NAMI Creates Hope for Those Affected by Mental Illness

Did you know that almost 20 percent of Chicagoans are affected annually by mental illness?

The first step to healing such a large number of people is often finding the proper resources. NAMI of Greater Chicago, the local affiliate for the National Alliance of Mental Illness, is helping light the way. The organization provides information and referrals, as well as support, education, advocacy and active outreach.

“When serious mental illness comes along, most people are not equipped for it and don’t know what to do,” says Ryan Elliott, membership and volunteer coordinator for NAMI-GC. “We’re here to really get out there and encourage awareness and to let people know where they can go to find resources. We want people to know we’re here to help.”

A path to support

The organization, founded in 1979 by Shirley Starr and a group of like-minded parents, seeks to help families cope with mental illness. These families, searching for the means to understand their adult children’s serious mental illnesses, developed a support group that grew to be part of the nation’s largest grassroots mental health organization.

Though not a direct service provider, NAMI-GC offers a wide range of resources free of charge, including open support groups, life-changing classes and easy-to-understand written information. The peer-led groups and classes are designed for both individuals with mentail illnesses and their family members, and they’re taught by consumers of mental health services and their families. This allows for a more empathetic perspective when compared to working with a doctor or social worker, Elliott says.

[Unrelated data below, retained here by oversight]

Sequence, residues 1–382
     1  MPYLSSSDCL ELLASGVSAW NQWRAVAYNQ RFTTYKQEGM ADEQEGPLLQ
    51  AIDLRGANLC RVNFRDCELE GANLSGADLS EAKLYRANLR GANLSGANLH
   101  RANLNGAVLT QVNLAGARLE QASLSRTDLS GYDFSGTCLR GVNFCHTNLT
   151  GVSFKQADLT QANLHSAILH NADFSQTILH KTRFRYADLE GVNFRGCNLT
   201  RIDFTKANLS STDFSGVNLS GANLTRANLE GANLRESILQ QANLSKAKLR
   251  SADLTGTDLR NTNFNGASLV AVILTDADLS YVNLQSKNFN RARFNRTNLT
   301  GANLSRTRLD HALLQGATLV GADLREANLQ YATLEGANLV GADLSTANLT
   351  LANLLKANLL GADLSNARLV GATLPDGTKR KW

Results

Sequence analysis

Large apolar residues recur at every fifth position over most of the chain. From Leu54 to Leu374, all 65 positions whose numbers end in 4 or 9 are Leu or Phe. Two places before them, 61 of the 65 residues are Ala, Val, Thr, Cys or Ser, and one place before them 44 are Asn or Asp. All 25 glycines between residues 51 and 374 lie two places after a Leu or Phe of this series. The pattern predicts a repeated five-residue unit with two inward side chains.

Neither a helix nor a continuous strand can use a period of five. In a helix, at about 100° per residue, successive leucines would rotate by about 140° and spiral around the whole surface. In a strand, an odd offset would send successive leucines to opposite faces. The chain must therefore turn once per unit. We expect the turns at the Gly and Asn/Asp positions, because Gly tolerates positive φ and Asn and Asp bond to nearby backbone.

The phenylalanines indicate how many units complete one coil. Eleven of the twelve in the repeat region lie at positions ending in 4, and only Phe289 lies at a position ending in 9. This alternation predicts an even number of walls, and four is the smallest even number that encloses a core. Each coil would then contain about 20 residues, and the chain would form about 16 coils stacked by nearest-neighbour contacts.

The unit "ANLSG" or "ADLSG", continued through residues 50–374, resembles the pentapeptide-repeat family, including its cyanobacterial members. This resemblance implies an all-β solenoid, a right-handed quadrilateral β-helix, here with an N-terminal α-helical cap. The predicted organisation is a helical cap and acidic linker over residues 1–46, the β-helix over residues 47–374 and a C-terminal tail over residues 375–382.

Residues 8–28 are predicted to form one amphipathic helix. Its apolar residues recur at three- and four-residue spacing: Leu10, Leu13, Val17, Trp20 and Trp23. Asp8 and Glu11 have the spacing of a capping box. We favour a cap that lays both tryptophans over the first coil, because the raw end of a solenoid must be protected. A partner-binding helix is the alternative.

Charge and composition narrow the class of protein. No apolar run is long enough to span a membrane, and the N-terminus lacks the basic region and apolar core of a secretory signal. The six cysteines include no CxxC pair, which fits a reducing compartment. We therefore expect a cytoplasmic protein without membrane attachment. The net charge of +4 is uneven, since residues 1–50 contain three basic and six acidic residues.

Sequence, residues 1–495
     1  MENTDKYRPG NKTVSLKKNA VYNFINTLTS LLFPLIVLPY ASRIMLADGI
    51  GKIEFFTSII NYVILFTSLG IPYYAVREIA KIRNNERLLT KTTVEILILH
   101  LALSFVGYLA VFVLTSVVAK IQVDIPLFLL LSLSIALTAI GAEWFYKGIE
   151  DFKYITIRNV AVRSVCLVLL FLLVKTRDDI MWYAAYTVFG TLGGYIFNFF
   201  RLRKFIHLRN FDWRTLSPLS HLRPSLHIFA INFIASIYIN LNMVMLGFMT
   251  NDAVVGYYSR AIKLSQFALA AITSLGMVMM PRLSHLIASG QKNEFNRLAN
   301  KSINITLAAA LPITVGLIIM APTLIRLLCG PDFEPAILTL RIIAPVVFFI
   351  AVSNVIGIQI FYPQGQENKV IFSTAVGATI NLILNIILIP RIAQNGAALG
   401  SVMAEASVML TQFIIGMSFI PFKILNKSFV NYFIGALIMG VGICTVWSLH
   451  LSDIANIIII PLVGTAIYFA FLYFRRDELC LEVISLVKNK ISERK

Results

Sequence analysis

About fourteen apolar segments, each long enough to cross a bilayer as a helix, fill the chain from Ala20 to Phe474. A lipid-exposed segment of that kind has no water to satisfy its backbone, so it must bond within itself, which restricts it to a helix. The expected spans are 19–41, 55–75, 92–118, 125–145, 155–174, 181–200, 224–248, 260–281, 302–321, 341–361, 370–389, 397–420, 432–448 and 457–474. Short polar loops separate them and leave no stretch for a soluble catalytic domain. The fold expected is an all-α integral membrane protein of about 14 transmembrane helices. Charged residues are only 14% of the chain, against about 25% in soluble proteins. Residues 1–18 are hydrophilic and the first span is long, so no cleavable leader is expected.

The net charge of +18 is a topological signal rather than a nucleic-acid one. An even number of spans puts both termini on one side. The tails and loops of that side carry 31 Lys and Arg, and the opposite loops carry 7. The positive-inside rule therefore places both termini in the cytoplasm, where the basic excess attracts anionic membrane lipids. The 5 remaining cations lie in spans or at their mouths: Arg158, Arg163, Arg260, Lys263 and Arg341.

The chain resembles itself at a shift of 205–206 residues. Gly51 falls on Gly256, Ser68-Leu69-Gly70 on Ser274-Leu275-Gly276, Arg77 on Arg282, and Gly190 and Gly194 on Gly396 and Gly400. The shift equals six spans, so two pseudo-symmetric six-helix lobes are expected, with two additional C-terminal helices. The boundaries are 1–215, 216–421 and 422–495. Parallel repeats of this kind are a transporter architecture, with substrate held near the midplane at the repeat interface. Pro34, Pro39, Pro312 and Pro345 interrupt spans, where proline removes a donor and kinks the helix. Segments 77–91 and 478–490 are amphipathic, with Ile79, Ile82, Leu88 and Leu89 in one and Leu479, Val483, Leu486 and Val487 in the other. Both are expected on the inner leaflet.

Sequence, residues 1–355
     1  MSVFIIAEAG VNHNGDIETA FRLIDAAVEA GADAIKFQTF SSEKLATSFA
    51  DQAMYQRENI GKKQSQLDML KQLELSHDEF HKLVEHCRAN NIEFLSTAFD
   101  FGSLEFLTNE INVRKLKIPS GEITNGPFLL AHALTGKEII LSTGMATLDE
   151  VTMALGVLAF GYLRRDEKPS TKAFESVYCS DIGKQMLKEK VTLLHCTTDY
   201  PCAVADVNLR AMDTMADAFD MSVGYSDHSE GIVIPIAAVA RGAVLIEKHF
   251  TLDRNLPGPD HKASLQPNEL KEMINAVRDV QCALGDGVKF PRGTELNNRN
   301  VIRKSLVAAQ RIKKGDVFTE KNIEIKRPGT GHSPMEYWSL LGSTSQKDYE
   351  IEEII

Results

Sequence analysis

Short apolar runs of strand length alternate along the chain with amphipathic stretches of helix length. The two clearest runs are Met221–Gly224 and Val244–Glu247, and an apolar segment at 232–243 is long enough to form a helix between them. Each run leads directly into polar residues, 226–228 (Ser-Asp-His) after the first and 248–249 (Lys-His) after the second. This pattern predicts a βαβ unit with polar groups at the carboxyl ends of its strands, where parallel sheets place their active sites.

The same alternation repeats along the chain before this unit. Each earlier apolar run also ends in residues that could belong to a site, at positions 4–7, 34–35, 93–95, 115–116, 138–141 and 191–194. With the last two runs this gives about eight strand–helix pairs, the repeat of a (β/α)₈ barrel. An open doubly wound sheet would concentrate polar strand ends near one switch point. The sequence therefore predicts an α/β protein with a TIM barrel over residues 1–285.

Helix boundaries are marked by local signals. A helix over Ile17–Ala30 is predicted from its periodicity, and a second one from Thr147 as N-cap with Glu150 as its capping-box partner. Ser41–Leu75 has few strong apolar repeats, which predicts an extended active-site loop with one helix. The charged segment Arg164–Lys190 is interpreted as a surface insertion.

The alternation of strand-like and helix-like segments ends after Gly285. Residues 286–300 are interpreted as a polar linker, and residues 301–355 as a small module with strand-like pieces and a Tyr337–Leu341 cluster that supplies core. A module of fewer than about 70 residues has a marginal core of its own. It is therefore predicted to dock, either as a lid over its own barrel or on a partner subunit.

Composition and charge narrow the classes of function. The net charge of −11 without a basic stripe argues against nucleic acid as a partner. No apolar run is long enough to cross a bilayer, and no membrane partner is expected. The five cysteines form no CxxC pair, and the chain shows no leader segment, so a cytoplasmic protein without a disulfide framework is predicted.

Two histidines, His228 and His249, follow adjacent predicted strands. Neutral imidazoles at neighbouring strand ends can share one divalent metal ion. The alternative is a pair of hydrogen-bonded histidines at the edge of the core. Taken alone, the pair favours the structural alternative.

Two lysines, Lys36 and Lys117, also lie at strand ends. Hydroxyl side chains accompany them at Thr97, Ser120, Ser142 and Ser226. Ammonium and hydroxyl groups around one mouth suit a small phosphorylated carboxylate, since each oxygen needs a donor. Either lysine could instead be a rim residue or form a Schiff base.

NAMI-GC has referred clients to local psychiatrist Dr. Daniel Yohanna for nearly 25 years. The associate professor and vice chair of the Department of Psychiatry and Behavioral Neuroscience at the University of Chicago Medicine also serves an auxiliary role, drummer in Chicago’s own T-Byrdz.

“I think I may be the only prescribing drummer in Chicago,” Yohanna laughs. “That’s what the band likes to say, at least.”

Yohanna and the T-Byrdz will be returning to NAMI-GC’s annual 5K for their fourth performance. His bandmates drop the “Dr.” prefix (“No respect,” Yohanna jokes), allowing him to transform from a lab-coated professional to a goofy drummer in a dad rock band.

His presence at NAMIWalks, in the capacity of both performer and physician, encourages patients and mental health consumers.

“Exposure and advocacy are two of the most important things we do,” he says. “Although we see people individually—and I believe you save the world one person at a time—you also can make wholesale changes with a large number of people. This is what NAMI does.”

Fighting the stigma

For prospective consumers of mental health services, the largest hurdle to mental wellness can be denial; a recent unsettling pattern of news stories, tagged with cries for mental health care reform, only intensify the stigma, associating mental illness with violence and hate.

“So many people out there only know about the extremes of mental illness,” Elliott says. “They’re not aware of the wide range of severity and symptoms. The benefits of mental health treatment are really out there for everybody. It’s like physical health, there are always things you can do to improve.”

Upcoming Events

NAMIWalks, an annual 5K sponsored by NAMI-GC, raises awareness about the stigma of mental illness. Funds raised benefit NAMI-GC and its partner affiliates. This community event, entirely free and open to public, encourages conversation about the importance of caring for mental health. Last year’s walk drew nearly 1,500 individuals for face painting, bounce houses, giveaways and a spirited performance by Yohanna’s T-Byrdz. Walkers can register for the event individually or combine efforts to form a team.

  • NAMI Cook County North Shore 5K Walk, October 5, Blue Star Memorial Woods Cook County Forest preserve, Glenview. Register here.

Make It Better Foundation is a proud media sponsor of these events.